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A simple URL tester for WordPress

One of the issues with blogs is that, over time, links embedded in posts can break. Sometimes they break in graceful ways (redirecting to an acquiring company's site), sometimes in not so graceful ways ("Site not found!"), and sometimes in downright horrid ways (a porn spammer takes over a URL).

I wanted a way to test any URL in entries I've posted here, so a buddy wrote the basics of a tool to query the database and extract URLs from the posts. I took his core, then did some digging on the web, and mangled together a simple PHP app that will scan all your blog posts for URLs, and test to make sure each one still connects.

The results are displayed in an ugly-but-usable table form:

The first column is the URL being tested, and the second column displays the post numbers where that URL can be found. Any highlighted rows reflect dead links; no highlighting means that the URL opened as expected. Read on for the code and a basic how-to…

Here's the code; use the toolbar buttons to copy to the clipboard, paste into a new PHP document, and save at the top level (i.e. where you find wp-config.php) of your WordPress installation.

Then just enter the URL of the new file in your browser, and wait. You'll see a table similar to the above get built, one line at a time. For my 325ish entry blog, it takes about five minutes to run through the script.

Before using this script, be aware of the following:

  • This is an all-in script; it checks all your blog posts for URLs. If you have a huge number of posts, it will take a very long time to run.
  • It's not perfect; some valid hosts (amazon.com for one) come up as offline. It's easy to skip these in the output, as I know they're valid.
  • The program can't check to see that a link goes where you expect it to go, so it doesn't address the situation where a spammer has taken over an old domain. However, all URLs are clickable, so you can click those that seem questionable to see where they go.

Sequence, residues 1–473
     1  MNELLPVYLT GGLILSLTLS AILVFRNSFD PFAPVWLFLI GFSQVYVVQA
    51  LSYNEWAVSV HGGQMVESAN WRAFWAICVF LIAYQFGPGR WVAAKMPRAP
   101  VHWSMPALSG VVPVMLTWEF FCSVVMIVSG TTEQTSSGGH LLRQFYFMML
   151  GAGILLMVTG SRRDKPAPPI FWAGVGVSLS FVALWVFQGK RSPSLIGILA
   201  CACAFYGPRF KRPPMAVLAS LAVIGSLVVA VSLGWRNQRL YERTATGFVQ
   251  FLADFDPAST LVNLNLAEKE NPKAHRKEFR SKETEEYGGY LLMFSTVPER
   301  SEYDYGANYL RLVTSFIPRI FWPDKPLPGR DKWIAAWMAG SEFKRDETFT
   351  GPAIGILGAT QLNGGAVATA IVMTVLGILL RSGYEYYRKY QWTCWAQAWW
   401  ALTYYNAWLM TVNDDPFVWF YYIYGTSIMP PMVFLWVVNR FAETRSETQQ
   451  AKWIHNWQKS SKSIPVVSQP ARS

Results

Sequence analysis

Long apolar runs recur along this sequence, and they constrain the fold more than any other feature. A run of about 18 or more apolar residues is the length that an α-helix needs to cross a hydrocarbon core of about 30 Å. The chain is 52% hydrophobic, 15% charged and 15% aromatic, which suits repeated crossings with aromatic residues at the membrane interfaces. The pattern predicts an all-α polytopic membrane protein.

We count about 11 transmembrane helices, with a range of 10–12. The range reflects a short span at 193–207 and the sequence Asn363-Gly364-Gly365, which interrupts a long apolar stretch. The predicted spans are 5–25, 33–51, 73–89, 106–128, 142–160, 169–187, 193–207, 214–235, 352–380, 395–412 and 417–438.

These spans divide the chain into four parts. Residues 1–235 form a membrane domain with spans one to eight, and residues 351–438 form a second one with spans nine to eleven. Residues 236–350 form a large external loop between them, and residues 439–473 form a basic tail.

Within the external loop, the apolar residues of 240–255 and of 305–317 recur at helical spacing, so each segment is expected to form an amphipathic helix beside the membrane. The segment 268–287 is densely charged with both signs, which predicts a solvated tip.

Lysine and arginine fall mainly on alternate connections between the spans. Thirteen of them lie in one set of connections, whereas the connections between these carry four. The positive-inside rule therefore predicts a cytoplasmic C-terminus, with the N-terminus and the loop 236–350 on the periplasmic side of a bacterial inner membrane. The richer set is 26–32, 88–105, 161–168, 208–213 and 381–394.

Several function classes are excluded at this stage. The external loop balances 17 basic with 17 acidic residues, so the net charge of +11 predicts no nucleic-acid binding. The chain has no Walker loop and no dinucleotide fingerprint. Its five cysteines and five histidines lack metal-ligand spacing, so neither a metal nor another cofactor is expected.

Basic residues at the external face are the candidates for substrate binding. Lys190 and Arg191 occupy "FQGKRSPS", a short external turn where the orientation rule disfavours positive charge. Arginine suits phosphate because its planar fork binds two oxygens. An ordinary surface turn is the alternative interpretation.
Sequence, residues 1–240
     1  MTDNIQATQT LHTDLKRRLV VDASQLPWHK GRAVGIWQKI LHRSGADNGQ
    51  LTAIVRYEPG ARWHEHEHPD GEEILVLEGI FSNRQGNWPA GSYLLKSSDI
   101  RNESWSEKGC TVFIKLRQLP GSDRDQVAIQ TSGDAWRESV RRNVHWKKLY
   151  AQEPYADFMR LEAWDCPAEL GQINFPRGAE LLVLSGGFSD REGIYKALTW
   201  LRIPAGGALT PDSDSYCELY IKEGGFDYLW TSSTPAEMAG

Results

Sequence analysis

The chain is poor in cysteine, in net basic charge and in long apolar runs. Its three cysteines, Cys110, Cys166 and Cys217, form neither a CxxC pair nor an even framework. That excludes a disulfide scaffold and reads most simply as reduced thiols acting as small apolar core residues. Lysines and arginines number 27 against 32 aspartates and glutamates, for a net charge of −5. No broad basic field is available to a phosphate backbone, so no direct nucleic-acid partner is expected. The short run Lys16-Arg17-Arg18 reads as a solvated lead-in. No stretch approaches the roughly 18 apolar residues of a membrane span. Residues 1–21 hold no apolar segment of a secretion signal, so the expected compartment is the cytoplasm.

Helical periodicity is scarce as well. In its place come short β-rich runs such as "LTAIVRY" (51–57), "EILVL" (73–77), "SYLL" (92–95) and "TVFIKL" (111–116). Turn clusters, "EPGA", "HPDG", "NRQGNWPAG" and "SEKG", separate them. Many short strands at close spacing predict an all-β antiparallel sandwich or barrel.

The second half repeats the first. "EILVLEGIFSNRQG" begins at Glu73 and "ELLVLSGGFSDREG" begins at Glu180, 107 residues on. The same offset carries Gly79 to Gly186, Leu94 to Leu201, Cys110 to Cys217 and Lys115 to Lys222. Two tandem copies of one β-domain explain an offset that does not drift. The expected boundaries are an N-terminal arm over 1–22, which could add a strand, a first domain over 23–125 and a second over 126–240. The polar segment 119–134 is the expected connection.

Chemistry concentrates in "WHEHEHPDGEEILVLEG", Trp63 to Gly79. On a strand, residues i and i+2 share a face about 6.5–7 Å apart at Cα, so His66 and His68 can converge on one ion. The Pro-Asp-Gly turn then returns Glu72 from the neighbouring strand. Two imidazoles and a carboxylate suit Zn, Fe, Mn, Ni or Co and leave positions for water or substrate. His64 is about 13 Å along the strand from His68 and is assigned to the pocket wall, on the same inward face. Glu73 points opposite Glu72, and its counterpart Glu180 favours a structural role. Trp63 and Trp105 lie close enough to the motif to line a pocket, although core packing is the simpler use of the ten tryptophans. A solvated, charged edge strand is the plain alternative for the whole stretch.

• The post number links will open edit windows to the associated blog post, making it easier to update the offending URLs.
  • The script expects to be at the top level of your WordPress installation (at the same level as wp-config.php). It will also fail if you don't use the "wp_" table prefix—if you use a different prefix, edit line 12 to reflect the proper value.
  • A warranty is not included with this free bit of poorly-written code. If you want one, they're available for $1,000,000 each, and are good for 60 seconds.

I'm sure this can be written in a much better way, but for my needs, it was perfect. I found six dead links, and fixed them all within a few minutes.

2 Comments

    1. You need to be able to ssh in and install that PHP script, so probably not. However, if you can use WordPress plug-ins, there are tons that do similar stuff; here's a quick search I ran, though I haven't tried any myself.

      Why did I write my own instead of using a plug-in? Partly as a learning exercise, partly because I wanted something really simple and light.

      -rob.

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